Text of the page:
Mercer alumnus plays key role in U.S. international energy policy

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Andrew Light headshot
Dr. Andrew Light is acting assistant secretary of energy in the Office of International Affairs at the U.S. Department of Energy.

A Mercer University alumnus, newly appointed to the Biden administration, is charged with overseeing U.S. international energy cooperation, with a focus on reducing greenhouse gas emissions and growing American jobs.

As acting assistant secretary of energy for international affairs, Dr. Andrew Light, who earned his undergraduate degree from the College of Liberal Arts and Sciences in 1989, runs the Office of International Affairs for the U.S. Department of Energy. This includes working with more than two dozen countries and various other organizations and partnerships on international energy policy.

“Now that as a world we’re getting very serious about responding to climate change, it’s creating an enormous opportunity to achieve a global energy transition,” Dr. Light said.

President Joe Biden has set a goal of achieving net zero carbon emissions by 2050.

While the United States must create better energy systems at home, it’s only responsible for about 15% of global emissions, Dr. Light said.

“If we’re really going to hit the kind of reduction in greenhouse gas emissions you need to deal with the problem of climate change, you’ve got to seriously cooperate with the rest of the world,” he said.

Dr. Light’s interest in the environment developed when he was just a boy growing up in small towns in Georgia.

“While growing up, I was intensely attached to the environment and to the non-human natural world,” he said. “I spent hours and hours and hours playing in … little streams and rivers and bits of forests that, to me, as a little kid, were gigantic.”

But it wasn’t until he was at Mercer, where he majored in philosophy, history and political science, that he realized he could turn his interest in the environment into his life’s work.

“Mercer offered an intellectual community that was intensely focused on how what we were learning could potentially do some kind of good in the world, and that always stayed with me,” he said.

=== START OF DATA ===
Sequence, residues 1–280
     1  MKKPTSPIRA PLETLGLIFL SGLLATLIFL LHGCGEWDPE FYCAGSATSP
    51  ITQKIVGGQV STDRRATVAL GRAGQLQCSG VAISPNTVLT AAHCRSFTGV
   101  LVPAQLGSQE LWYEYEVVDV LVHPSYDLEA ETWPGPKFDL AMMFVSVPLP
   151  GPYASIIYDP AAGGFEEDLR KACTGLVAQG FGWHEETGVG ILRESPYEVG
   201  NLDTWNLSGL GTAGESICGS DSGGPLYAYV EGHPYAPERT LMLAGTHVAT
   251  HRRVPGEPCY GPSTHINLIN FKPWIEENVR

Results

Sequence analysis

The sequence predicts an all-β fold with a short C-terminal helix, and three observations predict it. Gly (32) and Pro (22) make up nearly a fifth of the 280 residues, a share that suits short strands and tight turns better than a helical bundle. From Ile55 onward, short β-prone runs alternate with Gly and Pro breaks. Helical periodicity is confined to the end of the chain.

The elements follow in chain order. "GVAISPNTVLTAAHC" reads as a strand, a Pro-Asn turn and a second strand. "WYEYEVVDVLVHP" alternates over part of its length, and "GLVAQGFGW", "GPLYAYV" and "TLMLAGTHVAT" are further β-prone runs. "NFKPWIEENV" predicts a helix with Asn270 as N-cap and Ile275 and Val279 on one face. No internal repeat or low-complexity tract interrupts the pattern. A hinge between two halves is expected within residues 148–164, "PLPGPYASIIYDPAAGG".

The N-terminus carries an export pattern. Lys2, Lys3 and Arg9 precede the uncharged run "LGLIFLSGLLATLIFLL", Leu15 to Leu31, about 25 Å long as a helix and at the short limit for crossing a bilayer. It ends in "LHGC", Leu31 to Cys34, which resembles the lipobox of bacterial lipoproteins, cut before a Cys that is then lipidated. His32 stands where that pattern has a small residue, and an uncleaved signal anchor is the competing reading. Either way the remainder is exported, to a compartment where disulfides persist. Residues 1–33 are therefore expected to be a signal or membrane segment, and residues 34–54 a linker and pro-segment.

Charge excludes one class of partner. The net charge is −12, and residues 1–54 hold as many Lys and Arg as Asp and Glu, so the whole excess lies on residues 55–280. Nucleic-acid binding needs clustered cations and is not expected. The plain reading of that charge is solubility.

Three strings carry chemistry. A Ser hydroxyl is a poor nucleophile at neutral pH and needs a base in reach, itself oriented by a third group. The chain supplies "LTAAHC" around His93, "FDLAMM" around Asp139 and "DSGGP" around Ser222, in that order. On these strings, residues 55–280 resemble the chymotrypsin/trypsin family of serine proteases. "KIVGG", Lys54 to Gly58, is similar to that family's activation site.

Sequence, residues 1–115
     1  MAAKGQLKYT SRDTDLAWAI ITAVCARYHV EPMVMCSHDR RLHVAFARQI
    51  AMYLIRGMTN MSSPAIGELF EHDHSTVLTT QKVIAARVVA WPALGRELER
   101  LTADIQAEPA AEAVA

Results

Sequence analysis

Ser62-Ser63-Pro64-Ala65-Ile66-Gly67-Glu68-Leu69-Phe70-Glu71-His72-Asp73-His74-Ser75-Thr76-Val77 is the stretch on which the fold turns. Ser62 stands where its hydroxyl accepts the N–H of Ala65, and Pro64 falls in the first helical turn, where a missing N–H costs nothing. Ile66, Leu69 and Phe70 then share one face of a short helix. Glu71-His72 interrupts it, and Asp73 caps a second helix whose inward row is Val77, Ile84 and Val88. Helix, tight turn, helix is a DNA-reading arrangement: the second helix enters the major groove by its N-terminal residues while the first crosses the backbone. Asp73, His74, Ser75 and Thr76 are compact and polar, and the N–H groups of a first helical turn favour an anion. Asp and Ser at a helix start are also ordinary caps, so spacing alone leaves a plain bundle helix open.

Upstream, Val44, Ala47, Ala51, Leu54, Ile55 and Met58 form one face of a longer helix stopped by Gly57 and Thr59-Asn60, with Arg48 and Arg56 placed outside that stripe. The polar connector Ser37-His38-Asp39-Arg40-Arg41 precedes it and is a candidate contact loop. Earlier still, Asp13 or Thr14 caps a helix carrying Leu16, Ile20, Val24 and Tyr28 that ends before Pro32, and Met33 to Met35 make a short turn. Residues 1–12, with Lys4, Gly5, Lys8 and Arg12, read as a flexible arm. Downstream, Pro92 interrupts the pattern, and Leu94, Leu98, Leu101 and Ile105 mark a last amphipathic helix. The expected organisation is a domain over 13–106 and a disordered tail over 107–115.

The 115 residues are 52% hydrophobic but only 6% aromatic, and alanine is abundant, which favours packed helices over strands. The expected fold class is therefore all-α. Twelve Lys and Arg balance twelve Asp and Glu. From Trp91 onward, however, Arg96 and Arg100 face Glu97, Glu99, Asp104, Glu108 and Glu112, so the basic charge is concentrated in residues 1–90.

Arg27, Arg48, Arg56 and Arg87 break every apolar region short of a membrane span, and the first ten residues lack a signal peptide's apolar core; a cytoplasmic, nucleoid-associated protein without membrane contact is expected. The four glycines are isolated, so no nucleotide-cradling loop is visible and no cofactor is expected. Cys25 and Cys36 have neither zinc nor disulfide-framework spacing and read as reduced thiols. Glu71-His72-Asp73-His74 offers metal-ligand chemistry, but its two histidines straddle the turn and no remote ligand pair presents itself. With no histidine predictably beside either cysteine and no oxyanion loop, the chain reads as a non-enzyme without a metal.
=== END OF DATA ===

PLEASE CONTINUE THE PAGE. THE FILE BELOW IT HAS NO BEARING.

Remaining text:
By the end of his undergraduate career, he started to connect that vision of changing the world with the environment.

“I started to see that was the thing that I was the most passionate about — and not just the environment for environment’s sake — but the way a clean and healthy environment could improve people’s lives,” Dr. Light said.

In graduate school at the University of California, Riverside, where he earned master’s and Ph.D. degrees in philosophy, he learned about environmental justice. He went on to a three-year postdoctoral fellowship in environmental risk assessment at the University of Alberta and began an academic career.

He realized that his training in philosophy could be used in public policy.

“What you learn how to do in philosophy is to understand what makes for a good reason for some conclusion and then build on that and try to figure out ways in which you can actually build up systems of decision making that are more accurate, more robust, more rigorous, and fundamentally can get you better outcomes,” he said.

In 2008, he moved to Washington, D.C. While on the faculty at George Mason University, where he is on temporary leave, he began to volunteer at think tanks and create a reputation for himself as a climate and policy expert.

He got a job in the second half of the Obama administration as senior adviser and India counselor to the Department of State’s U.S. Special Envoy on Climate Change, which led negotiations on the Paris Agreement, an international treaty on climate change. He also was a staff climate adviser in the secretary of state’s Office of Policy Planning.

On Jan. 20, he joined the Biden administration.

“I was extremely happy and also surprised that about a week after the (presidential) election, I was asked to interview for the job I have now,” he said. “It’s an opportunity of a lifetime.”

 

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